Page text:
BATON ROUGE, LA (WAFB) - Swearing in to office, Baton Rouge's new police chief has a full plate with the continued unease in the community after the Alton Sterling shooting coupled with a record-breaking year for murders.
Chief Murphy Paul took the oath of office Monday, officially taking the lead of Baton Rouge Police Department. Mayor-President Sharon Weston Broome announced his new title following a months-long application and interview process.
In an interview Tuesday, Paul reiterated once again that his main priority is reining in the homicides. In 2017, the parish broke a record with 104 murders. Paul said he is going to re-allocate resources to target key areas. However, doing so will be no small task in a department short roughly 60 officers. "It's just about prioritizing," he said. "Prioritizing and looking at areas we can move people around."
Last year, two zip codes in Baton Rouge drove the homicide count: the 70805 and the 70802. Those are also areas where community-police relations are particularly strained, with some believing the police are discriminating against them.
Paul said so far, arrests have been made in only 47 percent of the homicides last year. He said they need to rebuild trust so witnesses are willing to come forward and more crimes can be solved. "The facts tell us there are disproportionate numbers in those areas when it comes to contact, particularly with African American and males. And we do that number one by agreeing to the facts, and then sitting down at the table with community leaders and start working on solutions," he said.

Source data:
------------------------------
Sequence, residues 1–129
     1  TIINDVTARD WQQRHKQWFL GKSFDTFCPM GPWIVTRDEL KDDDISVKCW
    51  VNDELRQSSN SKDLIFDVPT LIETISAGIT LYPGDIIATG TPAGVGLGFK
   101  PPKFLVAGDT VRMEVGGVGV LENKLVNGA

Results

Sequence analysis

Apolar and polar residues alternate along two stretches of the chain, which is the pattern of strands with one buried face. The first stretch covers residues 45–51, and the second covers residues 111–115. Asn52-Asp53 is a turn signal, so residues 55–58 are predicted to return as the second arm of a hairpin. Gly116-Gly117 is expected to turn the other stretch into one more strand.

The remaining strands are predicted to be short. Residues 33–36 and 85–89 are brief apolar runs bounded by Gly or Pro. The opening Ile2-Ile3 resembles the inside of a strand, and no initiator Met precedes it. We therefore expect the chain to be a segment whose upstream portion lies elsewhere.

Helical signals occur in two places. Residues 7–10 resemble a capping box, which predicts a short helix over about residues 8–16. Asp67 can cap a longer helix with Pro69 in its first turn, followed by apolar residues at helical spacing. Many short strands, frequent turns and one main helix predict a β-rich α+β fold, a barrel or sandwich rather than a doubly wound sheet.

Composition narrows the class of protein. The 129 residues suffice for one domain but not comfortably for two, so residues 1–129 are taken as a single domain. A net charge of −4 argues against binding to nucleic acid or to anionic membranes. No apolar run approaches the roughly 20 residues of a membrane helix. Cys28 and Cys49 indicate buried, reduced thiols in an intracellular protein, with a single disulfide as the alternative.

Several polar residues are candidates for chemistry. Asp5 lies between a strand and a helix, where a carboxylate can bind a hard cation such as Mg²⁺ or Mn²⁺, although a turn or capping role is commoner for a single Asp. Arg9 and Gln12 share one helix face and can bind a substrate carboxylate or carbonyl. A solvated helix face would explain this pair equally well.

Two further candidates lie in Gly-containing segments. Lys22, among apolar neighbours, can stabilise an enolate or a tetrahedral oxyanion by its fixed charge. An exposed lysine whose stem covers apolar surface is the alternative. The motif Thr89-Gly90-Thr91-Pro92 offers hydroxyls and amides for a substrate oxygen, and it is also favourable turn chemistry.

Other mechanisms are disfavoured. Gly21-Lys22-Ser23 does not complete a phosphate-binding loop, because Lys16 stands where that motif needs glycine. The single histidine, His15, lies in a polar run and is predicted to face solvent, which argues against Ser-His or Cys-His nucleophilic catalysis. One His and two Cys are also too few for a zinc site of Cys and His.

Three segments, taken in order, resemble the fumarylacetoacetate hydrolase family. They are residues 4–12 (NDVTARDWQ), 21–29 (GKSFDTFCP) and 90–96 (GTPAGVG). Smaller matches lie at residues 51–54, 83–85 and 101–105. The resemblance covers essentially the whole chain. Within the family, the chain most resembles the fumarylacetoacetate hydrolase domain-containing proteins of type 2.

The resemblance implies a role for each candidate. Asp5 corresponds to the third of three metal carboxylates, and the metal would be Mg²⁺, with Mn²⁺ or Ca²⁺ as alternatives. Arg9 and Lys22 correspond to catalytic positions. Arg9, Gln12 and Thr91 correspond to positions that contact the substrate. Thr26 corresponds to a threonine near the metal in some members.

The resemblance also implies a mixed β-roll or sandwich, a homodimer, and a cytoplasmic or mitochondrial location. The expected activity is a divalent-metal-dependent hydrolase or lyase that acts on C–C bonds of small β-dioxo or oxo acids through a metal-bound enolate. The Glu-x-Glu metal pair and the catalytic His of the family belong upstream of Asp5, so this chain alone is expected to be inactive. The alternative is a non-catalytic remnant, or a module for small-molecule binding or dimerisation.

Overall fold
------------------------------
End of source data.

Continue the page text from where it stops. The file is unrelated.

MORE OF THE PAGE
Paul said they will also rely on technology to help fight crime, including investing in more cameras. He said they also plan to coordinate with businesses and homes, utilizing their surveillance cameras as well.
As part of his effort to improve trust, Paul said in the coming months he will review the department's use of force policies to make sure they are up to date with national standards. "Are we holding our police officers accountable? The complaints system. Is the complaints system designed in a way that encourages people to come forward?" he said.
He said he will also review other department policies, to ensure there is a level of "accountability." He said officers should understand they are "public servants" and should "never compromise professionalism."
Next week, Paul will be meeting with the Louisiana Attorney General's office to discuss the Sterling investigation from 2016. He said he would ideally like to get a sense of a timeline for when the decision will be announced. AG Jeff Landry could pursue state charges like manslaughter against either of the two officers involved in the shooting. He could also choose to clear them of any charges.
Paul said he has only seen the videos of the shooting available to the public, such as those that made the rounds on social media. He described them as "shocking."
BRPD is also conducting its own internal review of the shooting. Paul would not say whether the two officers should be allowed to stay on the force. They are currently on paid leave.
"I do understand that it is a hot topic, but I respect processes. I'm going to allow those processes to take its course," he said, indicating he did not want to jump to conclusions.